Braves Face Tough Decision When Brandon Beachy Returns
- Updated: July 9, 2013
Manager Fredi Gonzalez and GM Frank Wren face a tough decision when Brandon Beachy returns from his rehab assignment after Tommy John surgery.
How will they shuffle the pitching staff?
This was a hot topic a few weeks ago, as Beachy was scheduled to make his first start back during one of the two doubleheader games against the Mets, before he suffered a setback. As you may recall, this allowed Alex Wood to make his first career start.
The good news is he’s beginning to make rehab starts again, actually pitching tonight in Gwinnett against Jair Jurrjens, and as the Atlanta Journal-Constitution’s David O’Brien reports, will pitch three innings and/or between 45-55 pitches.
Before he underwent surgery last year, Beachy was by far the best starter on the team, if not one of the best starters in baseball. He had a dazzling 2.00 ERA in 81 innings and a K/9 of 7.59 as well a BB/9 of 3.22.
The Braves’ pitching hasn’t been bad by any stretch of the imagination this year. According to CBS Sports, Atlanta ranks second in the NL in both ERA and Quality Starts, fourth in WHIP, and eighth in strikeouts.
There have been many bright spots for the pitching staff this year, such as the strong campaigns by both Julio Teheran and Mike Minor, and well as Luis Avalian stepping up to help fill the void from losing both Jonny Venters and Eric O’Flaherty to Tommy John surgery.
However, this does not mean we could not use more help and Beachy would certainly provide it. The question then becomes, what roster moves would the Braves make to make room for him? I’m going to run down a few different scenarios and tell you which ones I favor over others.
Trade Paul Maholm
I can certainly see the logic here, as Maholm has pitched decent for the Braves this year (9-7, 3.81 ERA, 1.30 WHIP), plus the fact that he will be a free agent at the end of the year makes this case a very strong one.
But I wouldn’t want to see the Braves trade away one of their starters. After dealing Randall Delgaldo and a handful of prospects for Justin Upton and Chris Johnson this offseason, our pitching depth is a little low and if we were to trade Maholm and, God forbid, another one of our pitchers goes down, we would be in quite a bind.
I personally favor the option of moving someone in the starting rotation to the bullpen, that way he have a little insurance if we lose one of our starters to injury. If they do decide to trade Maholm I would like to see the Braves get an extra bench bat or a bullpen arm in return.
Move Tim Hudson to the bullpen
I understand the logic in this idea, Tim has pitched solid this year, just not the normal Hudson we are used to seeing.
I don’t think he would go for it. I love Hudson and I’m not trying to say he would stomp his feet, pout, throw a tantrum, but being the designated “ace” of the staff and the clubhouse leader, he is someone you keep in the rotation.
Move Kris Medlen to the bullpen
This is the idea I favor most. Medlen has been solid for the Braves as a starter this year, minus the 6-8 win-loss record, he has a 3.45 ERA and a 1.33 WHIP as well as a 6.73 K/9.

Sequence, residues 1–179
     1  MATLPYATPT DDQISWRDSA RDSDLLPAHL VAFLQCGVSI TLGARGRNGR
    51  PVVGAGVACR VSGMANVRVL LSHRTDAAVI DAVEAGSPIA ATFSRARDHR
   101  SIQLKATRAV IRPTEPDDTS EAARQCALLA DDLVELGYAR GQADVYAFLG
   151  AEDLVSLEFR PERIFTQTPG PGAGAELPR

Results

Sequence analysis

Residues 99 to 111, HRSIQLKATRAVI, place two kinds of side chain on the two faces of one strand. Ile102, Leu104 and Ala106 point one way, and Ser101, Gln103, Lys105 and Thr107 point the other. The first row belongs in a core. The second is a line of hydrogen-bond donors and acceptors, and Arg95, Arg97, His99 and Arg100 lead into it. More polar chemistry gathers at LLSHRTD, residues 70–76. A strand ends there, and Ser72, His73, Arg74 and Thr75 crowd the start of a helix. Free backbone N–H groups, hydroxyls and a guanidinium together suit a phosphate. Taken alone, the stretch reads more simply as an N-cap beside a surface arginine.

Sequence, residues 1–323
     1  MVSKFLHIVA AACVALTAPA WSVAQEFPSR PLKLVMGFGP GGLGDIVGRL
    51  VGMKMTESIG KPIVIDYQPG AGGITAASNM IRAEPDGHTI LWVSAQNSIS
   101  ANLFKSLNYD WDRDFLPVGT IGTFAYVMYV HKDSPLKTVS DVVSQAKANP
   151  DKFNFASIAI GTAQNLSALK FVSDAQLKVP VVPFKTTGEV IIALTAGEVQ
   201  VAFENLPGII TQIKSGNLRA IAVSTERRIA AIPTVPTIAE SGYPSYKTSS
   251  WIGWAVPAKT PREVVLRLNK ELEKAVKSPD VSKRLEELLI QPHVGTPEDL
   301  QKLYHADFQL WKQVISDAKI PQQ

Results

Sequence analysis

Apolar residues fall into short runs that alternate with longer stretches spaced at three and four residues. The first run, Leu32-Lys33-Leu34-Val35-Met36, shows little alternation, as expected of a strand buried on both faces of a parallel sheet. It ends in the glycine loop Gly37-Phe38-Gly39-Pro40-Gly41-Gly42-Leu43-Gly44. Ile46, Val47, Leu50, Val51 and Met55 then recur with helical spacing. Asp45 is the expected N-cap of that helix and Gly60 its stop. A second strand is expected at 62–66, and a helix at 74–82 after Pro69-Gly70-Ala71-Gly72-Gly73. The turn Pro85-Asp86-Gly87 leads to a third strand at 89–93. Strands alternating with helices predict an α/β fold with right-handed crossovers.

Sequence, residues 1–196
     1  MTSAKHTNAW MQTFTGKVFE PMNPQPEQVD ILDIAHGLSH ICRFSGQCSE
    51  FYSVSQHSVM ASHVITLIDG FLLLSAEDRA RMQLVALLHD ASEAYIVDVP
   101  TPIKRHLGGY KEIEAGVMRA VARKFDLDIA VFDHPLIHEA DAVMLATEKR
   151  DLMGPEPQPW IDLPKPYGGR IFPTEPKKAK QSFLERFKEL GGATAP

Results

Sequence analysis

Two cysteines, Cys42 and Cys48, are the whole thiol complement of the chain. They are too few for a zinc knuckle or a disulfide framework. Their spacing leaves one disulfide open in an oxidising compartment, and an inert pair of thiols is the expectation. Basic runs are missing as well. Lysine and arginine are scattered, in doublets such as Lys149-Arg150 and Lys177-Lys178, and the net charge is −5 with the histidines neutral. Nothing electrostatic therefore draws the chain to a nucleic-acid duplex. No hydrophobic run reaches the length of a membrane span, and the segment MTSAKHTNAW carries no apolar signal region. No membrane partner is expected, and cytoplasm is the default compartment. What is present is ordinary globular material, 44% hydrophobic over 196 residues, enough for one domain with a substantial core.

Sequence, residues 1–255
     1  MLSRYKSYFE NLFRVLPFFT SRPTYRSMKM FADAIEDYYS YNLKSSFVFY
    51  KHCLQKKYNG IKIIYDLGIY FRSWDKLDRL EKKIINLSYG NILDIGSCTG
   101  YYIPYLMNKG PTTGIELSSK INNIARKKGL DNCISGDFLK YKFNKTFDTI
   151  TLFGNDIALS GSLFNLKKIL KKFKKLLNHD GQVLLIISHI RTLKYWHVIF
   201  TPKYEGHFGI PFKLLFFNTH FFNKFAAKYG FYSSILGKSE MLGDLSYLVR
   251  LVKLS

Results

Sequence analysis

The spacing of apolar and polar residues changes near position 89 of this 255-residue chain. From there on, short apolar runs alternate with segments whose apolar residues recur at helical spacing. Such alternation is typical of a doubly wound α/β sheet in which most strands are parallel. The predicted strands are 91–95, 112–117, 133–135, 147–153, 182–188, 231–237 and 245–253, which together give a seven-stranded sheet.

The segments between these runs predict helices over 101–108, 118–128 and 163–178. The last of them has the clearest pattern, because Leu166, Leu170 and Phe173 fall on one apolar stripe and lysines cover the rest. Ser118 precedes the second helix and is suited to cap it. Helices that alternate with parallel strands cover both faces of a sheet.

However, as mentioned before I do not favor the idea of trading one of our starters and our after having Venters and O’Flaherty go down. The bullpen needs as much extra help as it can get.
Also, pitching out of the bullpen is nothing new to Medlen. Last year when he first returned from Tommy John surgery, he pitched 54 innings out of the bullpen to a tune of a 2.48 ERA, 1.09 WHIP and 36 strikeouts before going on a ridiculous tear before the end of the season.
This would also benefit the Braves very much in the way of having a starter in the bullpen who is capable of being the “long man” if a starter leaves a game early of if we have another marathon game, much like the one we had last night.
With all this being said, its crazy to think the Braves will just throw Beachy straight on the fire when he gets back. I assume he may pitch out of the bullpen for a few games then make a few spot starts (maybe six or seven days apart) before slotting him into the rotation full time.
If the return performances of Medlen and Strasburg last year are any indication Beachy should come back very strong and be able to help the Braves separate themselves even more from the Nats and Phillies in the division, and hopefully a deep playoff run in October.
This being my first ever post on this site, I’m going to go ahead and introduce myself. My name is Jackson Johnson and I am a 21-year old college student currently studying Economics. I was born in North Carolina, moved to Georgia when I was 13 and somehow found myself in Alabama for college. I have been lucky enough to live in Braves Country my whole life and I have been a diehard Braves fan ever since I can remember. I have been looking for an outlet to write about them for sometime now and I am thankful I stumbled upon Braves Baseball Report and that Chris gave me an opportunity to being writing. Other than baseball, I enjoy golf, cold beer, and scuba diving. You can follow me on Twietter @JacksonSJohnson for more thoughts on the Braves and life in general.